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Tracheoesophageal Fistula and Esophageal Atresia in the Newborn

The esophagus (food pipe) and trachea (windpipe) are two separate tubes. They run side by side inside the chest. Both of these tubes start at the throat. The food you eat travels down the esophagus into the stomach. The air you breathe travels down the trachea into the lungs. In some babies, these tubes don’t form correctly during pregnancy. This can lead to the problems described below. Your baby might have one or both of these problems.

 

image of trachea and esophagus

In normal anatomy, the trachea connects to the lungs. The esophagus connects to the stomach.

 

 

esophageal artresia, esophagus doesn't connect to  the stomach

With esophageal atresia, the esophagus doesn’t attach to the stomach. Food can’t reach the stomach.

 

 

 

 

tracheoesphageal fistula: trachea and esophagus are connected

With tracheoesophageal fistula, the trachea and esophagus are connected. Air can go into the stomach, and food can go into the lungs.

 

 

Combination of fistula and artresia: air goes into stomach and lungs. Food can't reach stomach  

With this combination of fistula and atresia, air goes into the stomach and the lungs. Food can’t reach the stomach.

What Is Tracheoesophageal Fistula?

A tracheoesophageal fistula (TEF) is an abnormal opening between the trachea and the esophagus. During pregnancy, the baby’s trachea and esophagus start out as one tube. During the first trimester, they are supposed to separate into two tubes. If the wall of tissue between the trachea and esophagus doesn’t form fully, an opening between the two tubes remains. This is a fistula. When the baby eats, food can pass from the esophagus through the fistula into the trachea. This can cause breathing problems. Symptoms of TEF include coughing and difficulty breathing that worsens when feeding.  

 

What Is Esophageal Atresia?

Esophageal atresia (EA) occurs when the esophagus doesn’t attach to the stomach; therefore, food can’t get from the esophagus into the stomach. The main symptoms of EA include vomiting and drooling.

How Are the Problems Diagnosed?

If your baby has problems eating or breathing, chokes during feeding, or coughs up a lot of fluid or mucus, he or she may have TEF or EA. Your health care provider will take an X-ray to learn more. This will show if the baby has one or both problems. The X-ray is often done with a feeding tube put into the baby’s esophagus to see if the tube reaches the stomach.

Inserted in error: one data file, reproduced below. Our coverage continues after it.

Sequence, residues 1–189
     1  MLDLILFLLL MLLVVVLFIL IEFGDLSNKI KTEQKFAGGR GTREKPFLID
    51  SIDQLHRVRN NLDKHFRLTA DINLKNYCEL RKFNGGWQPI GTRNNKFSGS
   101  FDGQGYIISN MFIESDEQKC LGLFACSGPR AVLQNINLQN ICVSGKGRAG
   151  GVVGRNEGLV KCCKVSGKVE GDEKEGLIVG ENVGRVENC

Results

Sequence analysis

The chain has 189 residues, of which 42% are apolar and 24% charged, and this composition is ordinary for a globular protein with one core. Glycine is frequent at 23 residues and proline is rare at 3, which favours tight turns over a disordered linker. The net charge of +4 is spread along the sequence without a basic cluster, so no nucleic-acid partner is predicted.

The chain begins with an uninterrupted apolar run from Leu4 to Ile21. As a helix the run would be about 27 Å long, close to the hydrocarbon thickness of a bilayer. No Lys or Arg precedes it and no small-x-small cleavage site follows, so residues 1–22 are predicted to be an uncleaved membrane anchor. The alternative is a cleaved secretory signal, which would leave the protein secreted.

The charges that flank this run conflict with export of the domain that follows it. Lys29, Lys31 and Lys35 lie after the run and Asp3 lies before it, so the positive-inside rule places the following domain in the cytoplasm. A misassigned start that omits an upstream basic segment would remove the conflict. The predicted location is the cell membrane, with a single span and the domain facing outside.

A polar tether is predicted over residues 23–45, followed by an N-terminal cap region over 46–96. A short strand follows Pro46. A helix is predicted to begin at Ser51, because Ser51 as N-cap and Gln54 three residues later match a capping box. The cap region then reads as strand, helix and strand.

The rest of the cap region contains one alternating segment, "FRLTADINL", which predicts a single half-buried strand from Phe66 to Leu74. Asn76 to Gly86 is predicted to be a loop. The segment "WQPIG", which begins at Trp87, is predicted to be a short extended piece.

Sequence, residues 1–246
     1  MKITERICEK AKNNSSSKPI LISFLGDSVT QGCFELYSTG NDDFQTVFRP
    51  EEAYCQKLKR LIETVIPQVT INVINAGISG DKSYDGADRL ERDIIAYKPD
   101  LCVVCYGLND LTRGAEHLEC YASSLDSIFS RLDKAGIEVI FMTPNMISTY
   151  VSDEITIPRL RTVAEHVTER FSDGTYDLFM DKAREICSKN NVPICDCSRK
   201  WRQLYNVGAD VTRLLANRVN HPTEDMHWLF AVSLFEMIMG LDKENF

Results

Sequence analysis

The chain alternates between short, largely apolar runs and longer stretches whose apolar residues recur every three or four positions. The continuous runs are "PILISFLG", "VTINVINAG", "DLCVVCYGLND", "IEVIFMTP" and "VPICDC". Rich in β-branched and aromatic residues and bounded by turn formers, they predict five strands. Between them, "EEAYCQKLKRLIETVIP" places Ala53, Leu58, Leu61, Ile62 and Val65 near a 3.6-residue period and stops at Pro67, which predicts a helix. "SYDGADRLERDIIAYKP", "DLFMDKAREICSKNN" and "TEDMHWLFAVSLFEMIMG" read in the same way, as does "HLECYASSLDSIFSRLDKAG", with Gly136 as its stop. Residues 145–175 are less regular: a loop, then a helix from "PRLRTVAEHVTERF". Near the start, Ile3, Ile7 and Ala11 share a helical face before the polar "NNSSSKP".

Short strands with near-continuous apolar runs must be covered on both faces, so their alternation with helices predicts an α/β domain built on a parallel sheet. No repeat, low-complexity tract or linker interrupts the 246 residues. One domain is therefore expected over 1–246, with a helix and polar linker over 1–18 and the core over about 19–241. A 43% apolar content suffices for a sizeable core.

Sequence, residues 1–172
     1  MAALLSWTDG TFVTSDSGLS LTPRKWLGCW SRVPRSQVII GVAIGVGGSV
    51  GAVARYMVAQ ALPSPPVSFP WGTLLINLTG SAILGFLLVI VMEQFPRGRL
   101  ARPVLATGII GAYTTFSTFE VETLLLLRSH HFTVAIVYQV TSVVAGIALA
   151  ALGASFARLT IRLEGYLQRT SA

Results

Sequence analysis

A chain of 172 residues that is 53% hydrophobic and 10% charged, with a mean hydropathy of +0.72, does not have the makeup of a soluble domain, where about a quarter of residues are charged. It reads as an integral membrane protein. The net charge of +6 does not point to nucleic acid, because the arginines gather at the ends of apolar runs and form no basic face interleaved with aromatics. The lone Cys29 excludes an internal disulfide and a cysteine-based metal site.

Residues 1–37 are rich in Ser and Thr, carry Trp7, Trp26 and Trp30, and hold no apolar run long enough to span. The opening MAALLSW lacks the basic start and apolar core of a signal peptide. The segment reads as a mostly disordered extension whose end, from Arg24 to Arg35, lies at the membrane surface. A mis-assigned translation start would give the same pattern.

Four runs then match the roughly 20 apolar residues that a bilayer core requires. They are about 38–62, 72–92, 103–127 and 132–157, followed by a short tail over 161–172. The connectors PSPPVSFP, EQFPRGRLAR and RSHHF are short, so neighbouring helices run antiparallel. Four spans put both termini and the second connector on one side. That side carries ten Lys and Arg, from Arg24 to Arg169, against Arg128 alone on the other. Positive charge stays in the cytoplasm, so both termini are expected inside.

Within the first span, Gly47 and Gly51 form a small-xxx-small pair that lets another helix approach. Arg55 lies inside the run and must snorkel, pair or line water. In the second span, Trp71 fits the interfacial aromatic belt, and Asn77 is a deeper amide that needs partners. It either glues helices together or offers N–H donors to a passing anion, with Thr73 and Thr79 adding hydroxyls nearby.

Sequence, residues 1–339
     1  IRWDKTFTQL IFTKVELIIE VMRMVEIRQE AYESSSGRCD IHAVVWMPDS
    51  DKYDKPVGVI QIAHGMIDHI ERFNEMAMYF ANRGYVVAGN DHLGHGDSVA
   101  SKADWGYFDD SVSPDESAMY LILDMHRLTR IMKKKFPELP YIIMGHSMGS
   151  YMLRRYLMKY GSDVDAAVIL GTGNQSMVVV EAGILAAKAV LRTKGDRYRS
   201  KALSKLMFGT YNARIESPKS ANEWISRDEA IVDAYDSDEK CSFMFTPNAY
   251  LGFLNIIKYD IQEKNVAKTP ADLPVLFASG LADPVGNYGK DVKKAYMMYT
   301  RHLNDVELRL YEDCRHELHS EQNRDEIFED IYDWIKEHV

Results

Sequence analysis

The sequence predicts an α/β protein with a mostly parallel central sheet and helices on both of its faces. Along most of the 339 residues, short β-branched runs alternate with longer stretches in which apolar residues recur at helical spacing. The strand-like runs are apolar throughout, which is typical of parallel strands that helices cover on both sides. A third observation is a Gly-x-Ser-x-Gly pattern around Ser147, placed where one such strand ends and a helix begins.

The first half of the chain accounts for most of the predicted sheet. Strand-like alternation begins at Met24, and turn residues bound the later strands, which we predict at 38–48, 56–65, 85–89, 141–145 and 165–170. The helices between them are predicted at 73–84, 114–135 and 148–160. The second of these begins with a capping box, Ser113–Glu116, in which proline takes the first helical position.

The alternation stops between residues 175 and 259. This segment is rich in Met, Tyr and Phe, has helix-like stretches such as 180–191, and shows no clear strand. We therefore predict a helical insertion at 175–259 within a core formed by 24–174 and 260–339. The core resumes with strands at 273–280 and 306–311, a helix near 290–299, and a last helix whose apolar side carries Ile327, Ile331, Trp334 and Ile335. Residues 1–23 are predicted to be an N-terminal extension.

How Are the Problems Treated?

Both of these problems require surgery. Your baby will receive nourishment through an IV (intravenous) line until surgery can be done. A breathing machine may also be needed.

  • To treat TEF, the opening between the trachea and esophagus is closed during surgery.

  • To treat EA, the esophagus is connected to the stomach. In some cases, a tube with a weighted tip is put into the esophagus. This helps stretch the tissues to reach the stomach. It make take a few weeks before the esophagus is long enough to reach the stomach. The baby will stay in the neonatal intensive care unit during this time. When the esophagus is long enough, surgery is done to attach it to the stomach.

What Are the Long-Term Effects?

  • Treatment of TEF often has a good outcome. Once the fistula is closed, many babies don’t have problems. But in some cases, ongoing breathing problems can occur.

  • EA can cause more serious problems. If the esophagus must be stretched, your baby may have permanent swallowing problems. Many babies develop GERD (gastroesophageal reflux disease). Also, your baby will have been fed through an IV until after treatment. As a result, your baby may have trouble moving on to breast or bottle feedings. For instance, your baby may have trouble learning how to suckle and breathe at the same time. The doctor can tell you more about how your baby is likely to progress.

 

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